Politicking to stifle economy for three more years

Monday, January 25th, 2021 00:00 |
President Uhuru Kenyatta receives the BBI report from the taskforce vice chair Adams Oloo at Kisii State Lodge on Wednesday. With them is ODM party leader Raila Odinga. Photo/PD/GERALD ITHANA

Kenya’s economy faces a three-year hiatus due to high octane political activity.

This hiatus, which started in 2020 due to the entry of Covid-19 into the country, will stretch to at least 2023, when the political noise and tension dissipates after the 2022 General Election.

The year 2020 was very tough for Kenya’s economy because of the pandemic.

To control the spread of the disease, the government partially shut down the economy, affecting key sectors such as hospitality and the attendant tourism.

Demand fell off a cliff. Businesses either closed completely, or shut until further notice. Millions lost their jobs.

The sad thing was that the economy was just starting a strong recovery in 2019, coming off a highly contentious election in 2017 which had literally stalled businesses.  For all intents and purposes, the year 2020 was lost for the economy. 

This is 2021, and the key activity in the country is a proposed constitutional referendum.

President Uhuru Kenyatta and ODM leader  Raila Odinga, have proposed a number of  constitutional amendments.

These amendments are borne of an agreement in the Building Bridges Initiative (BBI), which was birthed by what came to be known as the “Handshake,” which ended the violent protests by the opposition disputing the 2017 election .

Already, the political drums have started, and the noise is rising. As expected, two camps have emerged, those for and against the amendments.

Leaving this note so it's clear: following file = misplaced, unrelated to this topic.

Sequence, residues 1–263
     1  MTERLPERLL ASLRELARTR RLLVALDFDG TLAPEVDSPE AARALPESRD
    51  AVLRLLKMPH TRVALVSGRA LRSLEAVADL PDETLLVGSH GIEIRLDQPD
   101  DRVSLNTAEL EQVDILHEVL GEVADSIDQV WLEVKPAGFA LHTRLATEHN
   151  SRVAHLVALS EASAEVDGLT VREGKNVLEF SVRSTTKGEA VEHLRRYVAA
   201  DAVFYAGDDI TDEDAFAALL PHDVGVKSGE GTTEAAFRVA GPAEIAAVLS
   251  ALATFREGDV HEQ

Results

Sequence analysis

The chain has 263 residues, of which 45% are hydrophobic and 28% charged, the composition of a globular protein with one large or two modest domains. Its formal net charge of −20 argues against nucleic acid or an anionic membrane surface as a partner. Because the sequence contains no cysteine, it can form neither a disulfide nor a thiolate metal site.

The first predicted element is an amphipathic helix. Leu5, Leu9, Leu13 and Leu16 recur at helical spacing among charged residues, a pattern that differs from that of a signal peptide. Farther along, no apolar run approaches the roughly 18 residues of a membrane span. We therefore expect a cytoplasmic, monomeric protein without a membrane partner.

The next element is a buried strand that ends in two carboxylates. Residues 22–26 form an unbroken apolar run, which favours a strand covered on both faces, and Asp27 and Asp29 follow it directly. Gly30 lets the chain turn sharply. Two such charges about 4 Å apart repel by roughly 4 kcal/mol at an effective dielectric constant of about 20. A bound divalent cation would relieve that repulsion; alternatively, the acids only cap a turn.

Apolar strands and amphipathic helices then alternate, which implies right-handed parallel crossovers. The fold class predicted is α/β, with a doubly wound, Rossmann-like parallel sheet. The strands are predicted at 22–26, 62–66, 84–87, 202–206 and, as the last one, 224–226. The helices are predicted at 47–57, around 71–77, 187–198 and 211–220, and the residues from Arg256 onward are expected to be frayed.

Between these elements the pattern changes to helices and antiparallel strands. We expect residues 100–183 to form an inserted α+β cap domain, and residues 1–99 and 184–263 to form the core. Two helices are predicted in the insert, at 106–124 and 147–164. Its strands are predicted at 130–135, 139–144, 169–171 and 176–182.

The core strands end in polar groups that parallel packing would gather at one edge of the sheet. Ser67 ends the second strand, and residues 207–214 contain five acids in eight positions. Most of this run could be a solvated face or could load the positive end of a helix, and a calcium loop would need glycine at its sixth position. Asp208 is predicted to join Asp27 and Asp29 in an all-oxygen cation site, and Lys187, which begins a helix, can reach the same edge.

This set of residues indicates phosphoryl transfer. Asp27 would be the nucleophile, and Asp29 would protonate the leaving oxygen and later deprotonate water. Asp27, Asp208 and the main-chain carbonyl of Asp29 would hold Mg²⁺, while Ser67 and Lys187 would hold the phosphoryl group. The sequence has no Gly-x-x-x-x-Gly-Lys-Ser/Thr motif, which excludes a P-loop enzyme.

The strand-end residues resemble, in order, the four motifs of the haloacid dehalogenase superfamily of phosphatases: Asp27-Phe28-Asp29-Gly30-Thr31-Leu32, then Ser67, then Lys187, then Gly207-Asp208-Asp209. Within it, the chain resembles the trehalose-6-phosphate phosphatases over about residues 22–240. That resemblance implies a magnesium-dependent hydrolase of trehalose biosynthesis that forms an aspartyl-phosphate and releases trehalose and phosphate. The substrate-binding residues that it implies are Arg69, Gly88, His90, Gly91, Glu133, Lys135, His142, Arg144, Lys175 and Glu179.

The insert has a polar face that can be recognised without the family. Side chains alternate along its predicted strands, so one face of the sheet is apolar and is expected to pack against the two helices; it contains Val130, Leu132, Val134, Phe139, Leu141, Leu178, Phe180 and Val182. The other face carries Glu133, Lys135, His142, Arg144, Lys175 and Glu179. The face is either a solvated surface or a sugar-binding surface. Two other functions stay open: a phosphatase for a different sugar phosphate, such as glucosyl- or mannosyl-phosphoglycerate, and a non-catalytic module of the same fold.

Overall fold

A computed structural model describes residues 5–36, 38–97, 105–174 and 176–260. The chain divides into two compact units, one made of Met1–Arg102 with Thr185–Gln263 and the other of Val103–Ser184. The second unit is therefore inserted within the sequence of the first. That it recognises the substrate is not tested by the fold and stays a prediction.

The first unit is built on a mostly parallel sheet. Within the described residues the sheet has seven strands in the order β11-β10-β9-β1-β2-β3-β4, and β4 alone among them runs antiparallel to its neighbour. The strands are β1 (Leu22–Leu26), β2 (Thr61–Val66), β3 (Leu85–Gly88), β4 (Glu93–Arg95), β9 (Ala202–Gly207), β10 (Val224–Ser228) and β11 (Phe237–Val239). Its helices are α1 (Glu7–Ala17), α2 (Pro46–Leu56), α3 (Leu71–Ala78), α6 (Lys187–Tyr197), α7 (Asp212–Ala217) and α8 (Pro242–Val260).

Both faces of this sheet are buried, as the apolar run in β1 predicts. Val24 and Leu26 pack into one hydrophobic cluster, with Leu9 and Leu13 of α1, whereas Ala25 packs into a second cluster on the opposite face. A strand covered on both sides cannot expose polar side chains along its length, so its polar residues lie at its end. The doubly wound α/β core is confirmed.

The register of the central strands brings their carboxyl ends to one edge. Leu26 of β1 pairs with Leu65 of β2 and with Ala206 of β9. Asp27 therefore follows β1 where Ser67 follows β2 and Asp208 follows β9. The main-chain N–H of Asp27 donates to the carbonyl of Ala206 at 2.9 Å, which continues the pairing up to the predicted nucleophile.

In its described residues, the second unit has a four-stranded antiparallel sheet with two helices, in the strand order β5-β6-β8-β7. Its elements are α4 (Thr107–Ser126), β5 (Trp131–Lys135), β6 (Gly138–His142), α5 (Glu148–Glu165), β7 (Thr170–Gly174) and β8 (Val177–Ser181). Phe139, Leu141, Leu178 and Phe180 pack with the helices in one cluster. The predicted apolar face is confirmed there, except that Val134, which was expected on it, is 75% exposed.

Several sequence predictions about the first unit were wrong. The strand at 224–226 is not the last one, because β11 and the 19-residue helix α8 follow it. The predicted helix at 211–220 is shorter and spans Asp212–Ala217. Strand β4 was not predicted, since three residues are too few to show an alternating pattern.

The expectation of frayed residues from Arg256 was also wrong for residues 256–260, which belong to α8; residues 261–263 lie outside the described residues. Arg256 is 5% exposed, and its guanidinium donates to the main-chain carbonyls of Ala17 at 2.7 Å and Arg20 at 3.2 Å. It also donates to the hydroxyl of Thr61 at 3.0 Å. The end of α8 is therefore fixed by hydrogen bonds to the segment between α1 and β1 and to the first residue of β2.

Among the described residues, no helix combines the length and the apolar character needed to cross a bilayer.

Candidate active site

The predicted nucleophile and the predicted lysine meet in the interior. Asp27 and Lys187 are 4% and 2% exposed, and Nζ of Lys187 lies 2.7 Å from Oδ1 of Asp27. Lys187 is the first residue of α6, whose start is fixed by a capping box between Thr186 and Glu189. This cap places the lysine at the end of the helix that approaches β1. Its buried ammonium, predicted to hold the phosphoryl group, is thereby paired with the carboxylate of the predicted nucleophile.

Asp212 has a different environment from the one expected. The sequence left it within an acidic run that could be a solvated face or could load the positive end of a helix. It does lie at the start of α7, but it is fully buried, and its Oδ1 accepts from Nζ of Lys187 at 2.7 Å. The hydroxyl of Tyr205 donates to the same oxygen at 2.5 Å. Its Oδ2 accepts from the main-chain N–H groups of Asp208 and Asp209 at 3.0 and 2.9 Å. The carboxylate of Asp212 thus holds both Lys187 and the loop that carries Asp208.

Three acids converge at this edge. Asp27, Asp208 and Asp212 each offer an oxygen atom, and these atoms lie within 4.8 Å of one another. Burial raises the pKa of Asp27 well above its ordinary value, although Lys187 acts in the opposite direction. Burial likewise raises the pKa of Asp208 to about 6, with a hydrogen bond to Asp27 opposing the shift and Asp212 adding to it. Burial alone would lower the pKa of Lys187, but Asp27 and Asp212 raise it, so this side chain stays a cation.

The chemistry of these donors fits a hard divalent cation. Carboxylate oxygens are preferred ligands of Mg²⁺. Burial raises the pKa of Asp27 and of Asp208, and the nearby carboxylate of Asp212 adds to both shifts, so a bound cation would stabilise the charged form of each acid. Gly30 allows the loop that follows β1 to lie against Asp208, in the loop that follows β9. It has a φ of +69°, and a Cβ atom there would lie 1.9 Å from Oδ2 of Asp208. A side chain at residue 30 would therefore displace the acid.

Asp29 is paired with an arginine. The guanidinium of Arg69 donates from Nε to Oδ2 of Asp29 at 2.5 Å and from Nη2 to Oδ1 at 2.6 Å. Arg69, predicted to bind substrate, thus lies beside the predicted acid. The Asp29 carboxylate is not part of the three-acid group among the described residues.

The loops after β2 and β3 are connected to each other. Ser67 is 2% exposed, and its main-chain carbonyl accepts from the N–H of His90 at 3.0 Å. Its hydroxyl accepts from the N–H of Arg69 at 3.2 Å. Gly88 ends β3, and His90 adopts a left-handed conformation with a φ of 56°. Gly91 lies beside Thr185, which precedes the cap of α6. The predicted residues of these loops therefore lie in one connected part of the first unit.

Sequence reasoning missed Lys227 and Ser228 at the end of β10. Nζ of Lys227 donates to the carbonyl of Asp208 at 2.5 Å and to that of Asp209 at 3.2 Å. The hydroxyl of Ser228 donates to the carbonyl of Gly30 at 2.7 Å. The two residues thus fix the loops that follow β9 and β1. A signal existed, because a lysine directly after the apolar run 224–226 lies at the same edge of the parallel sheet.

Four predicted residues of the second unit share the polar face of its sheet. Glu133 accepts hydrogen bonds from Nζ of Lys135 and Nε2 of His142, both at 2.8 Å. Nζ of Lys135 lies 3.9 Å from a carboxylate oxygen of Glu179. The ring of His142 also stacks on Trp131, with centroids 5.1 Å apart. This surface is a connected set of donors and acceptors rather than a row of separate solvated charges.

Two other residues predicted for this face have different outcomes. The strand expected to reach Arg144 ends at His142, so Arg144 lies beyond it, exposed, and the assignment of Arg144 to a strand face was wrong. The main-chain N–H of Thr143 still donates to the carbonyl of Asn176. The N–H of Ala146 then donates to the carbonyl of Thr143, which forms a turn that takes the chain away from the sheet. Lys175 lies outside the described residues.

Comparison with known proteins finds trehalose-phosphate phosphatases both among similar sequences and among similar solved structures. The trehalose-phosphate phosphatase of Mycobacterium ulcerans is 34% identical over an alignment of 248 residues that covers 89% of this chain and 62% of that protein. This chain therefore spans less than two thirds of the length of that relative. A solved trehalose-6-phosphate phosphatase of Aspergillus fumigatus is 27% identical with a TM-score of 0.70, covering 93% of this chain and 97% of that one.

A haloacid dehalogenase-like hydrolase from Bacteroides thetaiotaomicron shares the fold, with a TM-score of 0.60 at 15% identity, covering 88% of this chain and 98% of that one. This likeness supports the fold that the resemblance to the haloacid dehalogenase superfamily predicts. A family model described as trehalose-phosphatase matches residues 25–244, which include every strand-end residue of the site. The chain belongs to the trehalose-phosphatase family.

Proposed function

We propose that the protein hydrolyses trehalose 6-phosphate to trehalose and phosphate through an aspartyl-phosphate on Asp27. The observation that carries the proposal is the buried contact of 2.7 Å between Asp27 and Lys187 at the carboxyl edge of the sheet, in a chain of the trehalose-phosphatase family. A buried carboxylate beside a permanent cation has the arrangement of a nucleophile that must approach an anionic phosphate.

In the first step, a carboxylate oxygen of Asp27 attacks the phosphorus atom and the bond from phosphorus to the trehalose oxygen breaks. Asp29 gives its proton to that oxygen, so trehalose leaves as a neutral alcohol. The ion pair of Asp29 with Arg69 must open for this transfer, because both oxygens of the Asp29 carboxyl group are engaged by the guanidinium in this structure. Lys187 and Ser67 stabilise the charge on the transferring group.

The referendum process has already started with the collection of signatures, which are already being verified by the electoral body. 

Financial constraints

The law states that a so-called popular initiative to amend the Constitution must be supported by at least a million voters, thus the signatures.

The referendum is expected in six months, and campaigns are already in high gear.

The two opposing teams are already barnstorming the country. This trend will become even more pronounced when the date of the referendum is announced. 

Funerals have now become  official campaign rallies, and the country is being treated to olitical rhetoric on almost a daily basis. 

Coupled with the fact that the Covid-19 restrictions are still in force, and there’s a spillover of the deceleration of 2020 into the new year, the omens for 2021 are not good at all.

Worse, the government is broke, and has very little legroom for the massive stimulus needed to kickstart the economy.

Government services are suffering because of financial constraints. Counties are grinding to a halt, and only received their allocation of three months in January 2021.

Suppliers to both the national and county governments, whose long delayed payments are unlikely to be settled, are staring at a bleak future.

If 2021 will be the year of noise, 2022 will be the year of cacophony. The General Election is due in August 2022, and the protagonists are using the proposed referendum to test their strengths.

It is expected that the fault lines of the referendum will reflect those of 2022.

That is why, in a way, the 2021 referendum is like a full dress rehearsal for the 2022 General Election. The country will see no let up in electioneering right through to 2022.

The end result is that 2020, 2021 and 2022 will be lost years for Kenya’s economy. Is there a possibility that this can change? Very Little.

What can Kenyans do? One, conserve resources. Do not spend what you don’t have to. Secondly, innovate.

This is going to be crucial for families and businesses to find ways of navigating the tough times ahead. 

Three, create. Think hard- what can you do differently, or even better. Thinking outside the box is now an imperative. And lastly, Kenyans must double their efforts.

As the economy tanks, more production can only be achieved with increased effort.

In the long term, Kenya must reflect very deeply and urgently on how it can disconnect its politics from the economy.

This is no longer just a five-year cycle. Kenyans do politics during and between elections.

The country must figure out how the economy can be insulated from political noise. It’s the only way out. [email protected]

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